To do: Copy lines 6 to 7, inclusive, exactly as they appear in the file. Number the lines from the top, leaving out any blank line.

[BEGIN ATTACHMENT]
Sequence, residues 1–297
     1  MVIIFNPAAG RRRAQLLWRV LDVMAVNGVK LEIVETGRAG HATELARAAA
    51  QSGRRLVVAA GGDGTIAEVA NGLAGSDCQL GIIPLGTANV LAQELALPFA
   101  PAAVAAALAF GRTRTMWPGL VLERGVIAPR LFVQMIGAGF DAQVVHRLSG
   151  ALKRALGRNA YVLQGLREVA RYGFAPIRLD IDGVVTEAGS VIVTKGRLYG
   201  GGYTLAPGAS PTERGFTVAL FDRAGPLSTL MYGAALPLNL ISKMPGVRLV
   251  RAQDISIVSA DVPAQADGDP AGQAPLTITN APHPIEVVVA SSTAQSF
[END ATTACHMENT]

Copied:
   201  GGYTLAPGAS PTERGFTVAL FDRAGPLSTL MYGAALPLNL ISKMPGVRLV
   251  RAQDISIVSA DVPAQADGDP AGQAPLTITN APHPIEVVVA SSTAQSF